Briggs, P., Simon, W. T. and Simonsen, S. (2011) An exploratory study of Internet-initiated sexual offenses and the chat room sex offender: Has the Internet enabled a new typology of sex offender? Sexual Abuse: A Journal of Research and Treatment 23(1): 72–91. https://doi.org/10.1177/1079063210384275 DOI: https://doi.org/10.1177/1079063210384275
Cardei, C. and Rebedea, T. (2017) Detecting sexual predators in chats using behavioral features and imbalanced learning. Natural Language Engineering 23(4): 589–616. https://doi.org/10.1017/S1351324916000395 DOI: https://doi.org/10.1017/S1351324916000395
Chiang, E. (2018) Rhetorical moves and identity performance in online child sexual abuse interactions. Unpublished doctoral dissertation, Centre for Forensic Linguistics, Aston University, Birmingham.
Chiang, E. and Grant, T. (2017) Online grooming: moves and strategies. Language and Law/Linguagem e Direito 4(1): 103–141.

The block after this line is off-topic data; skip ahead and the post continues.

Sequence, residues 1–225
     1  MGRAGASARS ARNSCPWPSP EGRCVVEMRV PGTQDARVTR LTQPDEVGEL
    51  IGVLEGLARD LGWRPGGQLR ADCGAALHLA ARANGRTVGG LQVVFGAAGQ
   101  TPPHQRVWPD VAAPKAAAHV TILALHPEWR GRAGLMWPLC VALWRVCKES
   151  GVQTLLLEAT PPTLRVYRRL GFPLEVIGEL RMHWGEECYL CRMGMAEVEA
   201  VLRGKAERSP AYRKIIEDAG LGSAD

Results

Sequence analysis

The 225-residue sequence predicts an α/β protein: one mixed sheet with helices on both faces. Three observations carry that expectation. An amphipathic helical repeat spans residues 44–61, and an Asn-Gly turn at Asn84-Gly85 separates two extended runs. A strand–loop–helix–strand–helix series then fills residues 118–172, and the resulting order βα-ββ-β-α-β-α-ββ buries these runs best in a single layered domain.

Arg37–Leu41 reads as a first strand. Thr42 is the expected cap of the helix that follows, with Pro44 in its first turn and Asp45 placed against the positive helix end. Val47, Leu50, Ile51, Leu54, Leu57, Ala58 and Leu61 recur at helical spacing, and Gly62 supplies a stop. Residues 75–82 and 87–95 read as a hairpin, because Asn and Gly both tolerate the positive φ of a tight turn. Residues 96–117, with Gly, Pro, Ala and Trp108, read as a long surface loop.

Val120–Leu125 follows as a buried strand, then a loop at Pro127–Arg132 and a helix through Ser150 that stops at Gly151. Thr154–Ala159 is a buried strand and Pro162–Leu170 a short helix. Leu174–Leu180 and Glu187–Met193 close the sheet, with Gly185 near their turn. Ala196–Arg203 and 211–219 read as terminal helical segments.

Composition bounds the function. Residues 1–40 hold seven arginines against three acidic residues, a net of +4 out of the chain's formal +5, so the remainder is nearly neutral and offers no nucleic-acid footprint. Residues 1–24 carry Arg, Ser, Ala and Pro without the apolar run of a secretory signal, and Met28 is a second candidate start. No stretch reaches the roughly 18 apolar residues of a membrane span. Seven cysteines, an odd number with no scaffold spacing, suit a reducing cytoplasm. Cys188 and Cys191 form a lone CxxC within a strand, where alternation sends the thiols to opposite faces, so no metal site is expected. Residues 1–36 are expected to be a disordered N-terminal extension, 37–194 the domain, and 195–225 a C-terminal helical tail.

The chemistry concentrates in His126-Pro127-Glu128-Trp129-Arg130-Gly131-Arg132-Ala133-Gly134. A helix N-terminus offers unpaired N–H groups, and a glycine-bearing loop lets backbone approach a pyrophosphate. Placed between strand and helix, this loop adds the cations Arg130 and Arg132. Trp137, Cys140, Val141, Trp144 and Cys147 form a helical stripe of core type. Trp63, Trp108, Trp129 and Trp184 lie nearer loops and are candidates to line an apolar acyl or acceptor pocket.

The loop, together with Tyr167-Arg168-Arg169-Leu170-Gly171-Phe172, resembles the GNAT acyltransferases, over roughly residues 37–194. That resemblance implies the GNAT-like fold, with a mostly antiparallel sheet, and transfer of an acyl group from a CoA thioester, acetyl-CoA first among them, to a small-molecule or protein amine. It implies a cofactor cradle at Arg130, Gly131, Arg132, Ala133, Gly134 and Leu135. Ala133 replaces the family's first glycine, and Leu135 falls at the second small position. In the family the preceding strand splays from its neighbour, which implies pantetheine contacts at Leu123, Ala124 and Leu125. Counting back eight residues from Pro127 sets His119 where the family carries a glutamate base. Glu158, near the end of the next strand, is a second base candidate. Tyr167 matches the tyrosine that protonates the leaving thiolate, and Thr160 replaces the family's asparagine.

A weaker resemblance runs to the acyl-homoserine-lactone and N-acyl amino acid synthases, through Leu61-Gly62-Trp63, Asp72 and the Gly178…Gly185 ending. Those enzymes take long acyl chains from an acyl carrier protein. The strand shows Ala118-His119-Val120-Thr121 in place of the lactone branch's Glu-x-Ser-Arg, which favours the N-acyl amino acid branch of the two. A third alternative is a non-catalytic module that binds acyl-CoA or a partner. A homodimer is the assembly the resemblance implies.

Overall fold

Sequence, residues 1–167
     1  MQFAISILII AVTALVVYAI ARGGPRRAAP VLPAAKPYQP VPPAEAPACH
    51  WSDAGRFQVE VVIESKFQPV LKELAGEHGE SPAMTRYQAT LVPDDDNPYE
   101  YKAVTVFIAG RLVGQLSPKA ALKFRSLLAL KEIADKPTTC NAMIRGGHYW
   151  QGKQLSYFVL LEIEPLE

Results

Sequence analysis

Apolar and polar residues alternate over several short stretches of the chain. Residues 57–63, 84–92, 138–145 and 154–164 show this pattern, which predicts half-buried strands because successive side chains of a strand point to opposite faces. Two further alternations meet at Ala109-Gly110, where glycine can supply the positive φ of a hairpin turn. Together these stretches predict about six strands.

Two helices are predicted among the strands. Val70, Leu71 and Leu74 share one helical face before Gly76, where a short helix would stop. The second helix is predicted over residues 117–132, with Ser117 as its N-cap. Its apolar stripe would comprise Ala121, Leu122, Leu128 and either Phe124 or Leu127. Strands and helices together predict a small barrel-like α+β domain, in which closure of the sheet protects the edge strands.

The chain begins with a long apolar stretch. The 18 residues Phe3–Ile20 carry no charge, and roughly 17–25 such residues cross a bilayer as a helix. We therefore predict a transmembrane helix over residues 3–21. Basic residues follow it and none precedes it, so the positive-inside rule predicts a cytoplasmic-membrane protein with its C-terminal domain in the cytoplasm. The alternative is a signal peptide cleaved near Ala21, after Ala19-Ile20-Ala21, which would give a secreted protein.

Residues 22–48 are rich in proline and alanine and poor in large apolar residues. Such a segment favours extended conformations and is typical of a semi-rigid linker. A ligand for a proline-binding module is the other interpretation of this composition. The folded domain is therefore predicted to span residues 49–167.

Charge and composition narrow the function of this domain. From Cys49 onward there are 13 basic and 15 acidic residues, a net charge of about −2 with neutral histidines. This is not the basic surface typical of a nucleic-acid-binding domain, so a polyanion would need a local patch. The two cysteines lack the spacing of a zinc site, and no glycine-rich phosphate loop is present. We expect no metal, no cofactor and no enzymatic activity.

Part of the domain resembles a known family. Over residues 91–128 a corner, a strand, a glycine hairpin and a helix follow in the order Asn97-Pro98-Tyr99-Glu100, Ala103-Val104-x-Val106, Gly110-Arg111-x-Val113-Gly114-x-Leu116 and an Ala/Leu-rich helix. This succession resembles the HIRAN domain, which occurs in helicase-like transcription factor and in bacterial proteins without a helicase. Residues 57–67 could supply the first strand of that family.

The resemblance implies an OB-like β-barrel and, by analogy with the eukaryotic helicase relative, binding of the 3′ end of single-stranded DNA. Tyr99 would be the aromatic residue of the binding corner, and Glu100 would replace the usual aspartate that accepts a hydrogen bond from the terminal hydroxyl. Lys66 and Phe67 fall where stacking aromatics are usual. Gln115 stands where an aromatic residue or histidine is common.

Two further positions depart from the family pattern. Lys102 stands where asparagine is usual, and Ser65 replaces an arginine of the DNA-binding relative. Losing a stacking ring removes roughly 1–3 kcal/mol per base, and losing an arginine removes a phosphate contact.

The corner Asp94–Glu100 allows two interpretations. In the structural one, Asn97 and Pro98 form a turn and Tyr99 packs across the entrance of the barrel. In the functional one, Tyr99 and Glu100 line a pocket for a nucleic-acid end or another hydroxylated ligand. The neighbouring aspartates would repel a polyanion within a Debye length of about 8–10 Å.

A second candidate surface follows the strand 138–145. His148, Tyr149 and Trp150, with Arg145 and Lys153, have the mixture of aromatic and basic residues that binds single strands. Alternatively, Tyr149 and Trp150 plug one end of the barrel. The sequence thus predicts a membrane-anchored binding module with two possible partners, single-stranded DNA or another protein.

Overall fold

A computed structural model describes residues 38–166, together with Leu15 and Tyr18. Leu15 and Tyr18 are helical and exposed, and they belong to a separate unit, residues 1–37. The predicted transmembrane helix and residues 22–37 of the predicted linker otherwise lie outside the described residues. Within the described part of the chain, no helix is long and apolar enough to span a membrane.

Chiang, E. and Grant, T. (2019) Deceptive identity performance: offender moves and multiple identities in online child abuse conversations. Applied Linguistics 40(4): 675–698. https://doi.org/10.1093/applin/amy007 DOI: https://doi.org/10.1093/applin/amy007
Craven, S., Brown, S. and Gilchrist, E. (2007) Current responses to sexual grooming: implication for prevention. The Howard Journal of Criminal Justice 46(1): 60–71. https://doi.org/10.1111/j.1468-2311.2007.00454.x DOI: https://doi.org/10.1111/j.1468-2311.2007.00454.x
Csárdi, G. (2019) igraph: Network Analysis and Visualization. R package version 1.2.4. Retrieved in March 2019 from: https://cran.r-project.org/web/packages/igraph/index.html
Davidson, J. and Gottschalk, P. (2011) Characteristics of the Internet for child sexual abuse by online groomers. Criminal Justice Studies 24(1): 23–36. https://doi.org/10.1080/1478601X.2011.544188 DOI: https://doi.org/10.1080/1478601X.2011.544188
Finkelhor, D. (1984) Child Sexual Abuse: New Theory and Research. New York: Macmillan.
Grant, T. and MacLeod, N. (2016) Assuming identities online: experimental linguistics applied to the policing of online paedophile activity. Applied Linguistics 37(1): 50–70. https://doi.org/10.1093/applin/amv079 DOI: https://doi.org/10.1093/applin/amv079
Grant, T. and MacLeod, N. (2018) Resources and constraints in linguistic identity performance: a theory of authorship. Language and Law/Linguagem e Direito 5(1): 80–96.